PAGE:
Sample of vitrified waste
Our Innovative Modular Vitrification System (MVS®) converts environmental hazards into glass, the safest, and now increasingly cost-effective material for waste disposal.
Reimagining The Route To Glass
Experts believe that glass is the most stable form to store nuclear and hazardous waste. Yet legacy technologies have prevented its adoption as a wide-scale waste storage solution because of its prohibitive costs. Despite its effectiveness, and because of its high costs, glass has only been used for some of the most dangerous waste where absolute long-term safety is required.
Veolia Nuclear Solutions is changing this paradigm. The company is developing a Modular Vitrification System (MVS®) to make glass a cost-effective, practical option for even low-level nuclear waste, delivering the highest environmental protection.
A Simple and Cost-Effective Solution – Modular Vitrification System (MVS®)
MVS® produces leach-resistant, high-quality glass at our demonstration facility in Richland, Wash., in the United States. It is dramatically less expensive and far easier to deploy than existing alternatives.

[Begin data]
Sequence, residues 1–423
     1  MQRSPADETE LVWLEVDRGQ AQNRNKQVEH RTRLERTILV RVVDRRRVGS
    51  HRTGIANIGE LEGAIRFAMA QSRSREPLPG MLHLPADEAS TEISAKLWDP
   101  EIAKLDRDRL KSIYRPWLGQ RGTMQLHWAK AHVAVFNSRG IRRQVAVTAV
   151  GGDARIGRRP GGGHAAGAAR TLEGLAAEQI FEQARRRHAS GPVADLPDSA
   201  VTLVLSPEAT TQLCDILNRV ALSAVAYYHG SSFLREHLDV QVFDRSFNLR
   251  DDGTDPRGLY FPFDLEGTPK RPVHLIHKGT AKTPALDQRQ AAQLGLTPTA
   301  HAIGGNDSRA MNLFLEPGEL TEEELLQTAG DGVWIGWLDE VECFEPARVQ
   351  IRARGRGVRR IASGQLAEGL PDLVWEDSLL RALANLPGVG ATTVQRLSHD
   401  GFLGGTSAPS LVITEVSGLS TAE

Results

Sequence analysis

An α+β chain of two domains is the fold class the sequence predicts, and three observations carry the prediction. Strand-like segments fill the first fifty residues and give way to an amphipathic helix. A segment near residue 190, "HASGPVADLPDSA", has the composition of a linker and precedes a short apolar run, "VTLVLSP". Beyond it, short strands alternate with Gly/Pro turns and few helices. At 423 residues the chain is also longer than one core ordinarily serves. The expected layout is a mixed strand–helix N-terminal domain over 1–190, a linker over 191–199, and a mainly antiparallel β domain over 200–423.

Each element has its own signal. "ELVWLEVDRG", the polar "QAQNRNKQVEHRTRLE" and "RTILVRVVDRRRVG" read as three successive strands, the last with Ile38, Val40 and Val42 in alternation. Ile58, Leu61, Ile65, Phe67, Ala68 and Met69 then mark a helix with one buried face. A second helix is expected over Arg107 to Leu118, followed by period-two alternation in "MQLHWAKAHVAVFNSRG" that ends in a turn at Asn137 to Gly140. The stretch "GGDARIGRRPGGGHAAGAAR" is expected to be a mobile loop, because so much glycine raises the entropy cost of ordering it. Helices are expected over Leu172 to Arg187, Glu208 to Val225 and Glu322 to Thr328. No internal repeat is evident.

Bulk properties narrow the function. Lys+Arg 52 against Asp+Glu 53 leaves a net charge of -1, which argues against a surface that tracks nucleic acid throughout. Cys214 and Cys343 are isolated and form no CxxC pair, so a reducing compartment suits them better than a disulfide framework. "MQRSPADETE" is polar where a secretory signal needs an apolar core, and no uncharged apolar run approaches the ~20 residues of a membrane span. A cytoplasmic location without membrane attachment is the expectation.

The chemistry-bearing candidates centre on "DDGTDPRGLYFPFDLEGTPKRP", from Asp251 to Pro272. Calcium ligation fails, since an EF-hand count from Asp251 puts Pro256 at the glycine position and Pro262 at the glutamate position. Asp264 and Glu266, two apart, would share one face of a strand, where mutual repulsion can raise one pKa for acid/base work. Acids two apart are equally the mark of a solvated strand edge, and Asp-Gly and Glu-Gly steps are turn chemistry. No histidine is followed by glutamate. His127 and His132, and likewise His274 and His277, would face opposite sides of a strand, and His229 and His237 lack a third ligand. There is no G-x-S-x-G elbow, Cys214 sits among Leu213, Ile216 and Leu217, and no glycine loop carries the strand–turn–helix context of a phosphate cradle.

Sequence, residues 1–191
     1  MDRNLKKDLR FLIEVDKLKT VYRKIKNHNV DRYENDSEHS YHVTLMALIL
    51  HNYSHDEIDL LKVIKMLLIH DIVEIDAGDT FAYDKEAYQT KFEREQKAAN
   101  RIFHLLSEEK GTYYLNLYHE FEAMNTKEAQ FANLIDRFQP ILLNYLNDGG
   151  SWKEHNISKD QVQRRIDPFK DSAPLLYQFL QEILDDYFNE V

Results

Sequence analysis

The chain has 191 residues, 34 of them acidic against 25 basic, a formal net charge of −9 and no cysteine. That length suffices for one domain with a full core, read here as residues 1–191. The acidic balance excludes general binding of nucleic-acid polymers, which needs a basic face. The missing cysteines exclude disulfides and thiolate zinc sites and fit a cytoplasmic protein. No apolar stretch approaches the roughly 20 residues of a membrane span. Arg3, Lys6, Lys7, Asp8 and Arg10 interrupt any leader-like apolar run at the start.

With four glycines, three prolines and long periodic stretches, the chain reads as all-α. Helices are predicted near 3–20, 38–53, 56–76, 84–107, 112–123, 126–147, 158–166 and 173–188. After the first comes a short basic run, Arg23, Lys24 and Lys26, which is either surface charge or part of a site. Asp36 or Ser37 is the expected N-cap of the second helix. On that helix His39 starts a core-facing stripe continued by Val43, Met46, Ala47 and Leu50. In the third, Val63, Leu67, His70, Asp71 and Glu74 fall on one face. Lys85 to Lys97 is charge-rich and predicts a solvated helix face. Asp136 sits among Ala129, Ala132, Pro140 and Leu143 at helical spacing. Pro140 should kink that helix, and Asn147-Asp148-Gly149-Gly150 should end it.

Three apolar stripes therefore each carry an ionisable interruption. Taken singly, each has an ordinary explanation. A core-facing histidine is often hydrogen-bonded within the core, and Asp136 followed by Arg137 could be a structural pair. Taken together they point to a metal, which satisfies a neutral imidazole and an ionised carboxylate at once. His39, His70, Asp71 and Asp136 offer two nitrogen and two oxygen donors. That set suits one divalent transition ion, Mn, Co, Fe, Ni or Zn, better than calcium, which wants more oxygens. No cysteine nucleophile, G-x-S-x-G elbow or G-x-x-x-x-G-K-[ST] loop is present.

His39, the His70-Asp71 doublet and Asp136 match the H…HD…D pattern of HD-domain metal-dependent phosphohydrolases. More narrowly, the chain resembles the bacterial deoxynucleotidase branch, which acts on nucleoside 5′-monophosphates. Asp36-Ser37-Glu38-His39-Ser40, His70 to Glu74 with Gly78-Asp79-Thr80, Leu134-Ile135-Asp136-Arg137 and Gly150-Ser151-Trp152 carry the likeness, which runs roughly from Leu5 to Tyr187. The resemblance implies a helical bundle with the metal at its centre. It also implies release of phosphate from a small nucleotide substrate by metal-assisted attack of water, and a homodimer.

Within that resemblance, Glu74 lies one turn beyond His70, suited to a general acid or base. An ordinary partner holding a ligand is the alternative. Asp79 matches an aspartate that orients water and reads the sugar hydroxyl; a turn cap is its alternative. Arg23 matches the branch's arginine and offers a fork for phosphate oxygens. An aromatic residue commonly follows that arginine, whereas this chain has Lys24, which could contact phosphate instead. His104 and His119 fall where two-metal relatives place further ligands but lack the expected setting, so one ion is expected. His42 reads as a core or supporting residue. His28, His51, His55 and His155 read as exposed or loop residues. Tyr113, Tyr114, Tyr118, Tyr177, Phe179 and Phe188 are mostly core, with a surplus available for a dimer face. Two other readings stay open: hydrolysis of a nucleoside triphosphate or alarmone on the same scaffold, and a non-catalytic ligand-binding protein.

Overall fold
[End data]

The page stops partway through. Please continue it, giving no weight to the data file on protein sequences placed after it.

With conventional technologies, waste flows through giant melters that heat it into molten glass, which is then poured into canisters for cooling and final disposal. With our system, we make the disposal canister in the factory itself, eliminating expensive facilities and the associated maintenance costs and failure risks.
While traditional vitrification technologies produce glasses continuously, our system treats waste batch-by-batch, providing tremendous flexibility that dramatically lowers the total life-cycle cost for waste treatment, including:
The ability to customize the glass formulation and melting temperatures for specific waste streams
Reduction of size of pretreatment and off-gas systems
The increase of waste loading capacity
A significant reduction of maintenance costs
How it works
The Modular Vitrification System is based on a fundamental physics principle – Fleming’s Law. Electrical current flows in the coils surrounding the canister to create a magnetic field, which then causes a current within the graphite metal located inside the canister. This current creates induction heat that melts the glass formers and waste into glass.
A single-cycle hot-wall inductively heated in-container system where the heating range from ambient to 2000°C, provides only in-class flexibility to melt below volatizing temperature of many isotopes or at very high temps for high waste loading.